Prime Minister Abe turned out to be the only one of the G8 leaders to stay in Belfast, spending two nights there.  On the evening of Tuesday 18 June, following the successful conclusion of the G8 summit, I had the opportunity to see Mr Abe visit the Titanic Belfast, to be met by Northern Ireland’s First Minister Peter Robinson and his Deputy Martin McGuiness as well as members of the Japanese business community.  The Prime Minister also enjoyed the opportunity to tour the facility, which powerfully reflects Northern Ireland’s proud industrial heritage.  In his speech there, Prime Minister Abe emphasised his willingness to help upgrade the bilateral relationship between Northern Ireland and Japan and invited both the First Minister and the Deputy First Minister to visit Japan for investment promotion.
The following day, on Wednesday 19 June, he was able to disseminate his message to a wider audience when he spoke at the Guildhall in the City.  He emphasised his personal commitment to his approach, declaring that “my economic policies are backed in all respects by my political will”. Most of his speech was taken up with his personal commitment to the structural reforms that are necessary to ensure the revitalisation of Japan’s economy, building upon the initial success of his bold monetary policy and budgetary measures.  He set out his aggressive reform agenda in a robust and determined manner, and I was thrilled by the audience’s enthusiastic response as they gave him a standing ovation.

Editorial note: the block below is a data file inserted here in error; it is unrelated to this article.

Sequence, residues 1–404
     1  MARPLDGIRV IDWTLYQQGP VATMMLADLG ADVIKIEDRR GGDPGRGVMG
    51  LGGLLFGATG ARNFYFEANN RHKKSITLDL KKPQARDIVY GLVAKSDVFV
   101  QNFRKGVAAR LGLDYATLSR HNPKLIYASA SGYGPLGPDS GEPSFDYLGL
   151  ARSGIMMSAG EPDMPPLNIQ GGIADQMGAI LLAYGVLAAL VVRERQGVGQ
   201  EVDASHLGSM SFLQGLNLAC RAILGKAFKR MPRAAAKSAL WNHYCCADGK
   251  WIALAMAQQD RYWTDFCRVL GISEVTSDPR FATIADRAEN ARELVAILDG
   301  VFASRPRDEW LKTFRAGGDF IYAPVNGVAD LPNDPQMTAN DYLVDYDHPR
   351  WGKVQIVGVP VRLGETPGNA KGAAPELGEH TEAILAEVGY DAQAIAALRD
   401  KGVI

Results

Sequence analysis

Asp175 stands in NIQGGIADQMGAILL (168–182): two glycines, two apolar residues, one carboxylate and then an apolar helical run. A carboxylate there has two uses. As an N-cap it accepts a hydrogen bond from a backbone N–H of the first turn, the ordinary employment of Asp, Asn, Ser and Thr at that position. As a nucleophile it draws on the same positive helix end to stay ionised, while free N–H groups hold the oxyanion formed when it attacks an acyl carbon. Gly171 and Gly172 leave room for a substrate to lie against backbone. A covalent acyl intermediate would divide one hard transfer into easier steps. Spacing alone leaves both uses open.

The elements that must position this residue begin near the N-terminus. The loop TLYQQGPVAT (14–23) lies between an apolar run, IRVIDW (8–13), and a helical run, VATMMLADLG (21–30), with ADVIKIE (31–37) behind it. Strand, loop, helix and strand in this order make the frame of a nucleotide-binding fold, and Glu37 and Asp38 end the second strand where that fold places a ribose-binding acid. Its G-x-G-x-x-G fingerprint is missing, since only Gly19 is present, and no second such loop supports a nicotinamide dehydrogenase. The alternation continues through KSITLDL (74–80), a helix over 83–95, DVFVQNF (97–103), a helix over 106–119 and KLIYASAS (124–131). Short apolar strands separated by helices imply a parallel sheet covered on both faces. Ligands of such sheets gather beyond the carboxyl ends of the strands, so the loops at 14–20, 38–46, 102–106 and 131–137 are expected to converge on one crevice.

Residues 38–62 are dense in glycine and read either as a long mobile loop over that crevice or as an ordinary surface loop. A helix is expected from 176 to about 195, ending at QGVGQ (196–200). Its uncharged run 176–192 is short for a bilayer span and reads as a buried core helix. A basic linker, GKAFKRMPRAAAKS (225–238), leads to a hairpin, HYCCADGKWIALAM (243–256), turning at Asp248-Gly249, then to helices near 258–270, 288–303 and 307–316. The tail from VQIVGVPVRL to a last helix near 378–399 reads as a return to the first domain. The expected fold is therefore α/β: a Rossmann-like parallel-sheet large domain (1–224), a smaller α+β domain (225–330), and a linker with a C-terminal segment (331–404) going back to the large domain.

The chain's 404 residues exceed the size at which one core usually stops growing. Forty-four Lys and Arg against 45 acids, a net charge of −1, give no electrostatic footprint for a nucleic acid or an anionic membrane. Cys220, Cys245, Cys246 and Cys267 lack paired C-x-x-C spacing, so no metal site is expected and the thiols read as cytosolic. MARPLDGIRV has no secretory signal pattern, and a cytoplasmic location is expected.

Not long after Prime Minister Abe’s visit, my staff and I were involved in a series of events of a quite different nature. These were designed to celebrate the 150th anniversary of the arrival in the UK of five young samurai from the feudal clan of Choshu (modern-day Yamaguchi Prefecture), who have become known as the ‘Choshu Five’. They were followed shortly after by 19 young men from the Satsuma clan (Kagoshima Prefecture today). All of these people risked their lives in making the trip as foreign travel was strictly prohibited at that time. Their common purpose was to study in the UK, learn about this country’s advanced technology in engineering, railways and other fields, and apply this knowledge upon their return home in the cause of Japan’s modernisation. The Choshu Five pursued their studies mainly at University College London (UCL), where they were taken under the wing of Professor Alexander Williamson and his wife Catherine, who provided not only academic supervision but also pastoral care, including the very practical matter of lodging.